America’s Adversaries Are Weaponizing Information, NSA Director Warns

Bill Gertz

Foreign adversaries have stepped up the use of information warfare to control populations since 2011 and the operations are one of the new threats in the digital age, according to the director of the National Security Agency. Army Gen. Paul Nakasone, who heads both NSA and Cyber Command, said in remarks last week that both the military and the nation as a whole are taking steps to counter foreign information warfare and to use information operations against adversaries. The Arab Spring uprisings that began in April 2011 were fueled by social media and the internet and led to the unseating of several governments throughout the Middle East and North Africa.

Where Water Wars Are an Imagined Threat—and Where They Are a Real Danger

Although alarmist headlines often announce imminent water wars over scarce resources, the truth is that cooperation over shared waterways, particularly rivers, is historically more common than conflict. In fact, even among bitter enemies, the historical record shows that water conflicts around the world do get resolved, even to the point that international cooperation often increases during droughts. However, common causes of water conflicts remain a concern. Unilateral actions to construct a dam or river diversion in the absence of a treaty or some other protective international mechanism are highly destabilizing to a region, often spurring decades of hostility before cooperation is even pursued. Similarly, as access to irrigation water is threatened, one result can be mass migrations of out-of-work, disgruntled people from the countryside to the cities—invariably a recipe for political instability.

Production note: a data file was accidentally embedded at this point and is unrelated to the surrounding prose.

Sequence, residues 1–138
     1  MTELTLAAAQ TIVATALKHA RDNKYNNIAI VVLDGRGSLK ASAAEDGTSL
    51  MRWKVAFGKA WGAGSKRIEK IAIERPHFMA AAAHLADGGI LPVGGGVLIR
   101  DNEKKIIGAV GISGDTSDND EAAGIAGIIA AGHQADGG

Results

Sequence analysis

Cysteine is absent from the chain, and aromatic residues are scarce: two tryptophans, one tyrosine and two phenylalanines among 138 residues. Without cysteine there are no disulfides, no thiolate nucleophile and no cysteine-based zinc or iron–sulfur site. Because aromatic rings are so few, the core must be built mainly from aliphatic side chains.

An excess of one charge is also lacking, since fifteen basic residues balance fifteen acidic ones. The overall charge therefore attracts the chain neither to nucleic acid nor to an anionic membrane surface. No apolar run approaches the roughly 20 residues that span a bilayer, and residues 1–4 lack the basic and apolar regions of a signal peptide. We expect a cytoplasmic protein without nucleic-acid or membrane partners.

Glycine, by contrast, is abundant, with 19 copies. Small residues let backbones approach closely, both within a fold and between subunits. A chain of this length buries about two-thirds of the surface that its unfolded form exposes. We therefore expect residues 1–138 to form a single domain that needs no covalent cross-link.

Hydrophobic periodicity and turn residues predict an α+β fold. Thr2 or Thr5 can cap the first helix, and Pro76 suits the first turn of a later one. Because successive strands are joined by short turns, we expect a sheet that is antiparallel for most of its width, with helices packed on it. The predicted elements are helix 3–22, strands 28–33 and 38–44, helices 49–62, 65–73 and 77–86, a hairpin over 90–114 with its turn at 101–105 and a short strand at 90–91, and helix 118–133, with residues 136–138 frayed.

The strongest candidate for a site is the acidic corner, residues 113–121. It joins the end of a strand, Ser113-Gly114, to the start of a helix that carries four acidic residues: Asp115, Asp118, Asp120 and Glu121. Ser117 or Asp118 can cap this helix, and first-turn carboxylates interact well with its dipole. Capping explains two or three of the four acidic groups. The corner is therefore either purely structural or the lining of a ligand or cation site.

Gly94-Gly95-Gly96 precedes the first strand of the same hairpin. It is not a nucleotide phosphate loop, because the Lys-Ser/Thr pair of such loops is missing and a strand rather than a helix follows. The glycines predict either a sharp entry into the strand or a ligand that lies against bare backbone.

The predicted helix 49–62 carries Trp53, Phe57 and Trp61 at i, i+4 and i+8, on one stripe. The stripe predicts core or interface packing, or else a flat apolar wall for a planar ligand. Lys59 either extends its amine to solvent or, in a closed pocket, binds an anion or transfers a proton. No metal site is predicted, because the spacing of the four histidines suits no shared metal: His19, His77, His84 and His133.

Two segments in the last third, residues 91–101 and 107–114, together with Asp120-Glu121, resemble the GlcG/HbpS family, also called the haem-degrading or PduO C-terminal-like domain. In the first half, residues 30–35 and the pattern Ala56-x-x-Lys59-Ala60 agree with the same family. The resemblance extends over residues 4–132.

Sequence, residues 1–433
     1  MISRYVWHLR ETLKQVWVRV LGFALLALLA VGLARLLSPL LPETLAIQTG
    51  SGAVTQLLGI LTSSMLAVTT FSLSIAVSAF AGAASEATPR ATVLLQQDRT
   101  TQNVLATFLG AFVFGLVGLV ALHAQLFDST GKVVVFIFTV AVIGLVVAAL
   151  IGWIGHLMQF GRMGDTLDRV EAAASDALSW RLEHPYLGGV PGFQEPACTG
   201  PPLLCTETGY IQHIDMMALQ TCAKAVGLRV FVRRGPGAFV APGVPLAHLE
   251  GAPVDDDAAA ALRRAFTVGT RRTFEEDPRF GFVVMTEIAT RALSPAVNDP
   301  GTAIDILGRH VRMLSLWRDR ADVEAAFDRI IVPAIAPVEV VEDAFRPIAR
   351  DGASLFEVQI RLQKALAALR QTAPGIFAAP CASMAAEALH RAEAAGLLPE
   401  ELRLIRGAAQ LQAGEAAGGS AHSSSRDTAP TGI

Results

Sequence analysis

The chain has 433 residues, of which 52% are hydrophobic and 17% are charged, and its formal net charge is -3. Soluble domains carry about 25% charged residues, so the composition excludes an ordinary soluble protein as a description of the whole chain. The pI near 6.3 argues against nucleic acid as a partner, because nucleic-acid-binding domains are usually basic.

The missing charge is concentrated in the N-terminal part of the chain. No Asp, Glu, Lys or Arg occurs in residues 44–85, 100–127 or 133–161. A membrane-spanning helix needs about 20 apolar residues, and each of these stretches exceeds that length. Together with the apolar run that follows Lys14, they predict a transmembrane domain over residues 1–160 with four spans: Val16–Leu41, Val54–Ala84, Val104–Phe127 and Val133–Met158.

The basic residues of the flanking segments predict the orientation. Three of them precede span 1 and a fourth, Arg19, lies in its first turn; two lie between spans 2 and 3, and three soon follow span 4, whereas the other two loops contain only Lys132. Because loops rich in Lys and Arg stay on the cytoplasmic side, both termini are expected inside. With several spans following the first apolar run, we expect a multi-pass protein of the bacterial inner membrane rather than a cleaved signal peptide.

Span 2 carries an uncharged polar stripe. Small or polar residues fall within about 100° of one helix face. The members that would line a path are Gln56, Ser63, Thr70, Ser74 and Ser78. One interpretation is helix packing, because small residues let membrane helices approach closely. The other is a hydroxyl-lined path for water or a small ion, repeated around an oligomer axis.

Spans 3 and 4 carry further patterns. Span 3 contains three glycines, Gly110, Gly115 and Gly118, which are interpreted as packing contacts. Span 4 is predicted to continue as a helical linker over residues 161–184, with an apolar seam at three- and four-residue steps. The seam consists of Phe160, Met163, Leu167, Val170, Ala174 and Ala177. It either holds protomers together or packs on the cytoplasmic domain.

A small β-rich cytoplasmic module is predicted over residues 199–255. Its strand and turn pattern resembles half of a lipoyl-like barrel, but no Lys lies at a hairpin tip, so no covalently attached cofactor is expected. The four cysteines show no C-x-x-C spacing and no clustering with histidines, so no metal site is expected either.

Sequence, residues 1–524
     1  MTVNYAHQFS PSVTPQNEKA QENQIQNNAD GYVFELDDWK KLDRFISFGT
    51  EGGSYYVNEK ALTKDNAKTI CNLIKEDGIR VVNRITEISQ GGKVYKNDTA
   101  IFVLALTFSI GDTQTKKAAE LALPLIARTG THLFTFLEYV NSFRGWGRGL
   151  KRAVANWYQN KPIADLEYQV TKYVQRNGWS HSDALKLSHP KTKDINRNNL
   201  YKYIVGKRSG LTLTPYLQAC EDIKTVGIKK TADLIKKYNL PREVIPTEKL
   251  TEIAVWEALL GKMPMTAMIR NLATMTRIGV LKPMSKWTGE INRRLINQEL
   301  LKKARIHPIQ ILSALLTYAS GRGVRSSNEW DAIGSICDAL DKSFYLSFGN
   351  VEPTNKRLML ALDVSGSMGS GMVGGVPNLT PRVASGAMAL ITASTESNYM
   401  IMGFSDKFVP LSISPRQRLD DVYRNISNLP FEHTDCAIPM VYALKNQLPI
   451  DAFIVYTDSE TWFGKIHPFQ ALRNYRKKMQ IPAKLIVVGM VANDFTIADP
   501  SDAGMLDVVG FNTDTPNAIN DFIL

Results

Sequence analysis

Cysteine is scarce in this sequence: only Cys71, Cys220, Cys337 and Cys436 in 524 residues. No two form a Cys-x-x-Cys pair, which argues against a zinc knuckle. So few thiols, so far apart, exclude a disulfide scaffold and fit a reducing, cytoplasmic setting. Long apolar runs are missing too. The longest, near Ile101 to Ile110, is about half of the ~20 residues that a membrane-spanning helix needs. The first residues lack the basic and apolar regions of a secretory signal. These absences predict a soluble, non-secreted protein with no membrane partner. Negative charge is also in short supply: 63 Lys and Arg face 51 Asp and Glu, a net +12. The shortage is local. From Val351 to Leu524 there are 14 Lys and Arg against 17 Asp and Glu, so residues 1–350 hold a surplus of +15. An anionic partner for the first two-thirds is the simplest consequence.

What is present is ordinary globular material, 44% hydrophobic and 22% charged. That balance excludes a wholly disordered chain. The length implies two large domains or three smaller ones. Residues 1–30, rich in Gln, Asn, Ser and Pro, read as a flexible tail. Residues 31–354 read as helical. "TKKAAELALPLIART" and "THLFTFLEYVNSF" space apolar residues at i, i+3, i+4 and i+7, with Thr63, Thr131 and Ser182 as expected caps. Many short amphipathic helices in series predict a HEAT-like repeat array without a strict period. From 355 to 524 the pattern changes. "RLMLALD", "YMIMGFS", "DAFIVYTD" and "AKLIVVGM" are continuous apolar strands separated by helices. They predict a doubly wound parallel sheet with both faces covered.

U.S. and Europe Outline Deal to Ease Trade Feud

Richard M. Rossow

It Will Take Four to Tango

The United States and India will engage in our first “2+2 Dialogue” on September 6 in New Delhi, bringing together the heads of our respective defense and foreign ministries. This is the “successor” to the U.S.-India Strategic and Commercial Dialogue (S&CD). The S&CD met twice—in 2015 and 2016—never quite hitting its stride in terms of deepening our partnership on either the strategic or commercial relationship. The timing is critical; bilateral relations are in a trough, largely due to a range of trade concerns. The July 6 2+2 Dialogue must focus on three objectives:

BRICS Summit In Johannesburg: Here's What The Five Countries Are Looking For

by Xuebing Cao

All eyes are on Johannesburg for the 2018 BRICS summit, as the likes of Vladimir Putin, Xi Jinping and Narendra Modi take their places at the table. It marks the tenth annual gathering for this international organisation of the leading emerging economies. So what can we expect? The summit of the BRICS countries - Brazil, Russia, China, India and South Africa - started in June 2009 at Yekaterinburg, when Russia hosted the leaders of this bloc, though it did not originally include South Africa. BRIC became a formal institution the following year, aimed at facilitating global political and economic transformation, and South Africa officially joined in 2011.

The age of cyberwar is here. We can't keep citizens out of the debate

David E Sanger